Southeast Volusia Audubon Society, P.O. Box 46, New Smyrna Beach, FL 32170;

December 2013 Prez Sez

The New York Times reported on Nov 23 that Duke Energy agreed  to pay $1 million in fines as part of the Justice Department’s first criminal case against a wind power company for the deaths of protected birds.  The company was charged with killing 14 golden eagles and dozens of other birds at two wind projects in Wyoming since 2009.  The company acknowledged that they constructed the wind farms in a manner that the knew beforehand could kill birds.  In the plea deal they also agreed to set up monitoring by new radar technology as well as field biologists looking for raptors and directing the shutdown of wind turbines when birds are about to be hazarded.  They will also have to file for an eagle take permit.  

The case begs the question of why did the DOJ pick this Duke Energy subsidiary?  Wind turbine farms have been around for a long time.  What was the difference with this company?  Is it because they did not have an eagle take permit and a plan to mitigate the problem?  How many other companies are in the same situation.  

There are no enforceable rules regarding the siting of wind farms.  In fact, after the hundreds of thousands of birds were killed in the 2009-2010 timeframe, conservation organizations such as National Audubon and American Bird Conservancy worked for three years with the U.S. Fish and Wildlife Service and energy companies to develop guidelines for siting wind farms.  There were promulgated in March 2012.  AND THEY ARE VOLUNTARY!

 The company was not fined for breaking siting rules, they were charged with violating the Migratory Bird Treaty Act.  

Voluntary siting guidelines and take permits along with mitigation plans will not stop the killing of birds although they may decrease the numbers of deaths.  Wind farms have to be sited where the wind is favorable.  And birds love those conditions, especially during migrations.  

To make matters worse,  the Interior Department is knuckling under to the powerful wind lobby to grant 30-year incidental take permits.  Where is the pressure on the wind farm companies to take mitigating actions to prevent deaths of Bald and Golden Eagles and other birds when they have a 30 year grace period?  Go here to tell the Interior Secretary that is a terrible idea and please change it.

 Wind farms are not "green" energy producers if they kill millions of birds and displace others from their breeding grounds.  Solar is  the best "green" energy source, but not the solar farms that take huge expanses of land.  They have similar problems to the wind farms except that they impact mammals and reptiles.  Where better to site a solar farm than the desert and where better to find endangered mammals and reptiles?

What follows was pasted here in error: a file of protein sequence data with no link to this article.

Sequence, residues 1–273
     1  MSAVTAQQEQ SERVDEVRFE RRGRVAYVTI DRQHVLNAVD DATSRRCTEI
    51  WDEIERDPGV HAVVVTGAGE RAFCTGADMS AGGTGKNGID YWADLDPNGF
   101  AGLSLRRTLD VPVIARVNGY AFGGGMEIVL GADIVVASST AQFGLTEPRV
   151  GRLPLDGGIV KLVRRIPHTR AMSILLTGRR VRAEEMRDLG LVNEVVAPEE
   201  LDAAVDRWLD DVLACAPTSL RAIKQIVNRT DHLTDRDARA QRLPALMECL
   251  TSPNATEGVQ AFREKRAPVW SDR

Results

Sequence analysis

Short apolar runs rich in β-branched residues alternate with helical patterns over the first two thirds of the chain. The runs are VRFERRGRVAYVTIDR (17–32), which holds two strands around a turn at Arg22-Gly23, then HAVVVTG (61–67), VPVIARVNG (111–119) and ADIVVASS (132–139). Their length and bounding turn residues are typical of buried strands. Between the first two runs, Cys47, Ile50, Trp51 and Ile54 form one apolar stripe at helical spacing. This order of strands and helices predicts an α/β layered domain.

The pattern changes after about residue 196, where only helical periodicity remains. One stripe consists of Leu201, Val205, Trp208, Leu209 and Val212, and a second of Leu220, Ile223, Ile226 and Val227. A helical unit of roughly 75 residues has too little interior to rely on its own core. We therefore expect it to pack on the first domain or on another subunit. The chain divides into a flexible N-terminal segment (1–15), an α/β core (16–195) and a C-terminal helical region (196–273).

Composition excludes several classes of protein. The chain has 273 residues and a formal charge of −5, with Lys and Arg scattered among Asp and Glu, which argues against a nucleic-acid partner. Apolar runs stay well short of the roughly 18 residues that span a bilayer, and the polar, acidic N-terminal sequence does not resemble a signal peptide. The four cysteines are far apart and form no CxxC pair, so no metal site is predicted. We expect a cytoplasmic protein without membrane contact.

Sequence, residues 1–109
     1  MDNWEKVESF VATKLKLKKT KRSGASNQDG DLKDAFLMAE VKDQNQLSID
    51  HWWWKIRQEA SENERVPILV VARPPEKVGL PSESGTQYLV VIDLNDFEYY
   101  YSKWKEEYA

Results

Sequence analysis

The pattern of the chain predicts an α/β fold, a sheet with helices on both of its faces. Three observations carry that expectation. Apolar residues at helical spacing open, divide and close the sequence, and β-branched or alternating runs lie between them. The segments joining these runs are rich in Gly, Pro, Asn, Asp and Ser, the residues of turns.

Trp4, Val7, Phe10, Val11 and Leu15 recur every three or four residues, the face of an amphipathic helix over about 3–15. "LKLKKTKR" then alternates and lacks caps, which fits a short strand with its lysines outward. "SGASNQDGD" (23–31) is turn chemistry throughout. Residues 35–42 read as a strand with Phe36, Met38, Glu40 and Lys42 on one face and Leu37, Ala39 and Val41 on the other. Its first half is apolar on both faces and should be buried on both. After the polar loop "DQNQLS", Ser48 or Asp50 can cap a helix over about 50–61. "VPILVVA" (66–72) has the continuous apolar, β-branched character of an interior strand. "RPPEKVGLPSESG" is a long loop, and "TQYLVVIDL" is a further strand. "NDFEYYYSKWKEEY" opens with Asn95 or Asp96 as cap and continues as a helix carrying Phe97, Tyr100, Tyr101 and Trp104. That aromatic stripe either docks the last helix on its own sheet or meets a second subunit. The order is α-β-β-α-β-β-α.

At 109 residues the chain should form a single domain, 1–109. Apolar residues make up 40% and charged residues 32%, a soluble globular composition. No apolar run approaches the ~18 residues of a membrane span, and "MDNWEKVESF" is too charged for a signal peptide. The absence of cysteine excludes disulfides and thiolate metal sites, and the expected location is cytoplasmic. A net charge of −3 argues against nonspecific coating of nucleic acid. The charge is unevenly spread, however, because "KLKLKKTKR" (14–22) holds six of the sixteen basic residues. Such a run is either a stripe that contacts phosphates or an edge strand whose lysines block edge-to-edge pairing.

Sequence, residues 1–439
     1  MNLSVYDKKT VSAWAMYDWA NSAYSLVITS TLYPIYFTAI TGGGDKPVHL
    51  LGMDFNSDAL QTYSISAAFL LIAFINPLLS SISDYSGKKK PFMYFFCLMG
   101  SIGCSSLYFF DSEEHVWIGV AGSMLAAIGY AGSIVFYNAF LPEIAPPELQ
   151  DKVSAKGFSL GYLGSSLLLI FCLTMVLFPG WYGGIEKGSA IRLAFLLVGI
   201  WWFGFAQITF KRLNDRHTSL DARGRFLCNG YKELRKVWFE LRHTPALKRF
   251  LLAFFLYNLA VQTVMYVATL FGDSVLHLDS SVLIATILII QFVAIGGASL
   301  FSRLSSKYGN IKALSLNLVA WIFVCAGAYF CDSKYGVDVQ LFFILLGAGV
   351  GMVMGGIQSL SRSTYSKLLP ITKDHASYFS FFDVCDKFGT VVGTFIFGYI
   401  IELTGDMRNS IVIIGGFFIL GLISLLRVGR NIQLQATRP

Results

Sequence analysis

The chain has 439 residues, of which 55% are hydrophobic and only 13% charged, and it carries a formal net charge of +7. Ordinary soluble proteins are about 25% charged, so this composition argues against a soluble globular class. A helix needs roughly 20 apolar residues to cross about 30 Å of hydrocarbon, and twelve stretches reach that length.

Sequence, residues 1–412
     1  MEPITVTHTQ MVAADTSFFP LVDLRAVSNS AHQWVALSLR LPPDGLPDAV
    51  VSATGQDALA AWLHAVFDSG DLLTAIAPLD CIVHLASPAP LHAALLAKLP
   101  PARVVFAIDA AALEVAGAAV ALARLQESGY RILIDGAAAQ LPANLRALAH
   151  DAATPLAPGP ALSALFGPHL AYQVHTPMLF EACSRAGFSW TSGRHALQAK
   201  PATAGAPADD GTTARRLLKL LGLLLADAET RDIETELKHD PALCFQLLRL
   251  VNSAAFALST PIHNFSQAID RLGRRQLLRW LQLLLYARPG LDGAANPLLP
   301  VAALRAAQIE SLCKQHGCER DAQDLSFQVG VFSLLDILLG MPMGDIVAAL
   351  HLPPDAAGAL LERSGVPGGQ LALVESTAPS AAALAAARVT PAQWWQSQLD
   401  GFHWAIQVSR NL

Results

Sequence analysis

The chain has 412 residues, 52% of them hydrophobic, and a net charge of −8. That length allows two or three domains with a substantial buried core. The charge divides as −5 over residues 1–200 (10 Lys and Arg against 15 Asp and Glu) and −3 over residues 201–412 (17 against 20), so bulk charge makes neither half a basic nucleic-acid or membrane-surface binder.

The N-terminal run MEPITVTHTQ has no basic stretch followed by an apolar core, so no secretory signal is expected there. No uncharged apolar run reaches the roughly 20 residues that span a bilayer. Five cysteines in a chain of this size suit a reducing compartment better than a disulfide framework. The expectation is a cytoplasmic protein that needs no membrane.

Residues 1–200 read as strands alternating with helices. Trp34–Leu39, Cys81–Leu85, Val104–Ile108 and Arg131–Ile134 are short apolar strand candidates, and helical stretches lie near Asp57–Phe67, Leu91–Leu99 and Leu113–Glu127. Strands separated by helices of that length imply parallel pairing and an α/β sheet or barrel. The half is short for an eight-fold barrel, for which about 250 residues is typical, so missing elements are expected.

The best place for solar farms is the billions of square feet of flat roofs in the country.  If the the big box stores like Wal-mart and Target, the auto manufacturers and others filled their rooftops with solar panels, we could substantially cut greenhouse emissions, push back the need for new power plants and provide power without the environmental consequences of wind and solar farms.  

Some companies are currently doing this.  Even Walmart is finding cost savings in solar.  They have more solar capacity installed on their stores than 38 states according to a recent Bloomberg News article.  They have installed 89 mega-watts of capacity, but it is spread over 7 countries.  They still have a long way to go.  Even Apple, Ikea and Thule have gotten in on the act.  If they are all finding it profitable why aren't all the big stores and factories?

The companies have tax advantages they could use to amortize their capital outlays and there still are some subsidies available.  They could be producing free electricity in few short years.

It would also obviate the need for smart grids because the power would be produced at the point of consumption.  Can you imagine the number of good-paying jobd that would be created in manufacture and installation of solar panels on all these rooftops?  

Obviously, not all roofs are candidates for solar installations.  Older ones that would need lots of retrofitting come to mind.  But even if manufacturers and big box stores put solar panels on new or newer buildings and rooftops, there would be an unbelievable amount of electricity produced.  

The greater environmental and conservation community needs to push this effort.  The owners of these roofs need to be convinced that solar installations are cost effective and have a reasonable return on investment.  

We need to get both conservation organizations and corporations on the bandwagon.  Let us start a letter/email campaign.  If any of the eSkimmer News readership belongs to an environmental/conservation organization, write them a letter or email asking them to start a campaign to get flat roofs covered in solar panels, especially on newer roofs and in states where solar is reasonable.  You are welcome to edit this email for that purpose.  

Maybe we can get a real green energy program going in this country.